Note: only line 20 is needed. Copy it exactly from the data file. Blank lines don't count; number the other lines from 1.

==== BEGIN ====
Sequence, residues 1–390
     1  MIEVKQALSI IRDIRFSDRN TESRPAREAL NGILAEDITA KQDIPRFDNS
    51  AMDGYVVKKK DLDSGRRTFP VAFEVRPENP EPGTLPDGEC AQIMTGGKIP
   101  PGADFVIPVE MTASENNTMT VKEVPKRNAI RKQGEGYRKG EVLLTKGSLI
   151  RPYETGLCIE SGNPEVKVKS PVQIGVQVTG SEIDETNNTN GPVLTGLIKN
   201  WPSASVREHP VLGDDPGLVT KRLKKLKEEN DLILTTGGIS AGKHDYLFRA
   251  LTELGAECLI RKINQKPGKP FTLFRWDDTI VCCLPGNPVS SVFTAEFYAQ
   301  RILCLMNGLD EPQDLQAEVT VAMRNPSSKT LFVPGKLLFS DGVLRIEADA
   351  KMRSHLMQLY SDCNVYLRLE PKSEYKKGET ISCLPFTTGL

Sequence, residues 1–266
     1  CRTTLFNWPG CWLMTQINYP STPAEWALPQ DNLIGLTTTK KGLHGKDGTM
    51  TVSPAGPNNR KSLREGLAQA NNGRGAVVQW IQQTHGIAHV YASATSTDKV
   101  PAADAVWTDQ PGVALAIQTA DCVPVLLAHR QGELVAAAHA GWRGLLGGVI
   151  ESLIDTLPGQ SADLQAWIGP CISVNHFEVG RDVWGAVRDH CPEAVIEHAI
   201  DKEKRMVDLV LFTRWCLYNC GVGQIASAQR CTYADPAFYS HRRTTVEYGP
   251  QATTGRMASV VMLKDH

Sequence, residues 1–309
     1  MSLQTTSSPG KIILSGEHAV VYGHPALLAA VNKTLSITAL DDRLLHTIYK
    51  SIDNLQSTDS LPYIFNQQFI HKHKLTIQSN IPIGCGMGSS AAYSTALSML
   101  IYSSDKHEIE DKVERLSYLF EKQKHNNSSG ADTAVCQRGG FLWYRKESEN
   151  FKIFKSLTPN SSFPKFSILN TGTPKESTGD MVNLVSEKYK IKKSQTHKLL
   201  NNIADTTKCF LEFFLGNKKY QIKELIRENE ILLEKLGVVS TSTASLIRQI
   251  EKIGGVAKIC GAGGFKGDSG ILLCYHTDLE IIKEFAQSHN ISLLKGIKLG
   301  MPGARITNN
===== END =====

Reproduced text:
   101  IYSSDKHEIE DKVERLSYLF EKQKHNNSSG ADTAVCQRGG FLWYRKESEN